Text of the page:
in training services for example (see Figure 4). There is no place for loops delivering no value to the customer. even though CRM includes a collaborative approach. one must understand that the focus should be on organisation’s own task and the quality to justify its place in the chain. Service value chain (Observation data 2009). Partner hotel and the trainer will ensure the suitability and quality of the physical environment and the content of the training. the task of the Chamber is to ensure that they provide Physical environtment (Partner Hotel) Training service (CCCOC) Actual trainer Figure 4.4. 240). 9-11). 218-232 cited in Ranjan and Bhatnagar 2009. In some organisations collaborative CRM is used to describe information systems designed to enhance communication just internally. 3. Customer retention and customer-related data will be discussed more in depth later on this paper. training that is actually required by the members and communicate about the opportunity to fulfil their needs. selling and service purposes (Kotorov 2002. However. therefore. Analytical CRM enables organisations to identify critical factors for growth (Ranjan and Bhatnagar 2009. If the . (Buttle 2009. the quality of all loops must be considered. Therefore.24 and lifestyle data from external sources as well (Buttle 2009. Customer retention may be seen as the most important factor that is possible to be examined through the analytical CRM (Ranjan and Bhatnagar 2009. 240). aCRM may be considered as a 360 degree view of a customer delivering all the relevant information for marketing. Every loop in the chain has impact on the customer experience. Therefore. 11-12) County Carlow Chamber may be also considered to be as part of a value chain when providing its services.4 Collaborative CRM Collaborative CRM is concerned with enabling better customer value delivery within entire value chain by improving cooperation and customer-related data sharing across organisational boundaries. 242). Some vendors have developed own applications for partner relationship management (PRM) for managing complex value chains.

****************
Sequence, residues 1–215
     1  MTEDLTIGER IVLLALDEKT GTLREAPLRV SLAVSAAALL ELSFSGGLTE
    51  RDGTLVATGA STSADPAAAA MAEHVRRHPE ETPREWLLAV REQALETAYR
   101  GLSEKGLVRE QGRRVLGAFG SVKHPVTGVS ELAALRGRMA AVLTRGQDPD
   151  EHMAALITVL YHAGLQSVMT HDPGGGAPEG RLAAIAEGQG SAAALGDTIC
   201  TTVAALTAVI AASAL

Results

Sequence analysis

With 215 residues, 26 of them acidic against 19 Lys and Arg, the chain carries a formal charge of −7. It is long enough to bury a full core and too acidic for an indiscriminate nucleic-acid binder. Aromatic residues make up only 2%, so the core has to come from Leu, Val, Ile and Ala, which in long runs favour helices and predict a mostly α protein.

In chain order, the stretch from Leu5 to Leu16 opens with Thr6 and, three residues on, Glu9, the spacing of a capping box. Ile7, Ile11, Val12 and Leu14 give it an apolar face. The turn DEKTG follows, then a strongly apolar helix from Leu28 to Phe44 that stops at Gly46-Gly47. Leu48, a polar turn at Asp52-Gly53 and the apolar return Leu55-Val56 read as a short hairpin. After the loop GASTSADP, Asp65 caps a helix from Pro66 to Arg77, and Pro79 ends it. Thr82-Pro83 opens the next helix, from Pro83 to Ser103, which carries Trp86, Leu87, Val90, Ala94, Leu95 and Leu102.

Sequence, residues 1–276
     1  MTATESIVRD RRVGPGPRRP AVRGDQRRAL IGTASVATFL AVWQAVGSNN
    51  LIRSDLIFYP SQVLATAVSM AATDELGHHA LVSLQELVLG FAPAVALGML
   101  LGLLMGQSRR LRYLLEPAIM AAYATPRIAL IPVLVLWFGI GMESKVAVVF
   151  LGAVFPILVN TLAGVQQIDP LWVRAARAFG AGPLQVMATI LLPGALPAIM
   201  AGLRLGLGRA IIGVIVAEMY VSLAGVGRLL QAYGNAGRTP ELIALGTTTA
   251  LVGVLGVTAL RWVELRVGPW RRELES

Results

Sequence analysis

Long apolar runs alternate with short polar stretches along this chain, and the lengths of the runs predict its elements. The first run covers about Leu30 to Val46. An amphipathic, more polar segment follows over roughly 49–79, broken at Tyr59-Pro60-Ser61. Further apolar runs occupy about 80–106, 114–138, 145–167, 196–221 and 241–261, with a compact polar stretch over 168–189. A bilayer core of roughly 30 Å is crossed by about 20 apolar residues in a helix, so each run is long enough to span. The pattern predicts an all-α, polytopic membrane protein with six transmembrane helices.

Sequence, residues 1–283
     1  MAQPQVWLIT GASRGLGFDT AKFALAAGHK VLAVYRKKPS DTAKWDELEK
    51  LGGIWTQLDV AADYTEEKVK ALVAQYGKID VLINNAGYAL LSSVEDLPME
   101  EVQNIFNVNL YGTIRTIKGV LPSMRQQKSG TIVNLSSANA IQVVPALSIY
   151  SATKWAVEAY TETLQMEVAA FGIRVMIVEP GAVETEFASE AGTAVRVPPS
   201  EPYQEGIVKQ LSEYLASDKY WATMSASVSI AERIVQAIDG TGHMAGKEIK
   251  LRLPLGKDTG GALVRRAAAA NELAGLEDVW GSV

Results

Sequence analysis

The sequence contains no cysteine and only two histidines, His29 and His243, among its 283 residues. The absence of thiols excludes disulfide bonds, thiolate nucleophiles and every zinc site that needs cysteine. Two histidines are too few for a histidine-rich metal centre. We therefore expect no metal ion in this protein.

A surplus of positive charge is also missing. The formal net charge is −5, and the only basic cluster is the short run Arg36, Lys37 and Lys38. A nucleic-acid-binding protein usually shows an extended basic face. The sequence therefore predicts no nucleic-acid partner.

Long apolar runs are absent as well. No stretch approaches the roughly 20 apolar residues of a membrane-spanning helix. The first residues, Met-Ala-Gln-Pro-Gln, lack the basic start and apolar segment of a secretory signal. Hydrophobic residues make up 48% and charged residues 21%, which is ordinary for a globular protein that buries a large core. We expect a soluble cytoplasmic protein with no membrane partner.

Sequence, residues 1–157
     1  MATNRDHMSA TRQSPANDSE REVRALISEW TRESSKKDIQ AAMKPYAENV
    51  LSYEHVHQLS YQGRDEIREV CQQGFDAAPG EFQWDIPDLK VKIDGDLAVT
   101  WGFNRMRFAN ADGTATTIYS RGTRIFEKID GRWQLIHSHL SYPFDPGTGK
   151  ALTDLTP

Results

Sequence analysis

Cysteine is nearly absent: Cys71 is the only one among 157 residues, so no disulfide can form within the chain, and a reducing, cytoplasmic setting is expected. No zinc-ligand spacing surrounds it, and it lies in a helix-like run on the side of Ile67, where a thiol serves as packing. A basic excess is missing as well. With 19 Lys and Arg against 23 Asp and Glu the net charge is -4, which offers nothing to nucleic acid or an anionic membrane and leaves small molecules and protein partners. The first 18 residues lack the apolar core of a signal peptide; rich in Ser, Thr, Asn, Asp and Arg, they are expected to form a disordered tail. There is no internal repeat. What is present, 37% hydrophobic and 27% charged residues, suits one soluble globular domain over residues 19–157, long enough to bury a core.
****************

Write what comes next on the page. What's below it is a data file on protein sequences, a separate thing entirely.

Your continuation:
18-22) names five of the models. as Payne (2006. The IDIC model by Peppers and Rogers. Nguyen et al. Buttle (2009. However. perhaps following definitions are the most extensive ones: • “CRM is the core business strategy that integrates internal processes and functions. CRM is quite diverse subject and therefore may not be the easiest one to define. (2007 cited in Ranjan and Bhatnagar 2009.6 Models of CRM There are several different models developed of CRM to illustrate how the concepts are related to each other regarding the subject.” (Sanchez and Sanchez 2005. to create and deliver value to targeted customers at a profit. 3.” (Buttle 2009.5 Defining CRM As discussed under previous topics. Payne’s five-process model by Adrian Payne. 11) does. and external networks. there may not be place in the chain. CRM is information-enabled relationship marketing. 239) argue that customer relationship management is an integration of information technology and business processes to serve the customer better in all interactions with the organisation. It is grounded on high quality customer-related data and enabled by information technology.25 Chamber is not the professional in understanding the needs of their members. and The Gartner competency model by Gartner Inc. For example Bose (2002 cited in Ranjan and Bhatnagar 2009. The CRM value chain by Francis Buttle. (Observation data 2009) 3. . 314) To put it very simply. The QCI model by QCi Consultancy. the ultimate goal of organisations is to keep their customers satisfied and CRM is a tool to reach the goal. 15) • “Customer relationship management may be described as the strategic process involved in developing interactions between a company and its customers with an objective of optimizing current and lifetime values of customers for the company as well as maximizing satisfaction for customers. if the entire complexity of the subject is taken into consideration. 239-240) add that because customers are the one keeping the business running.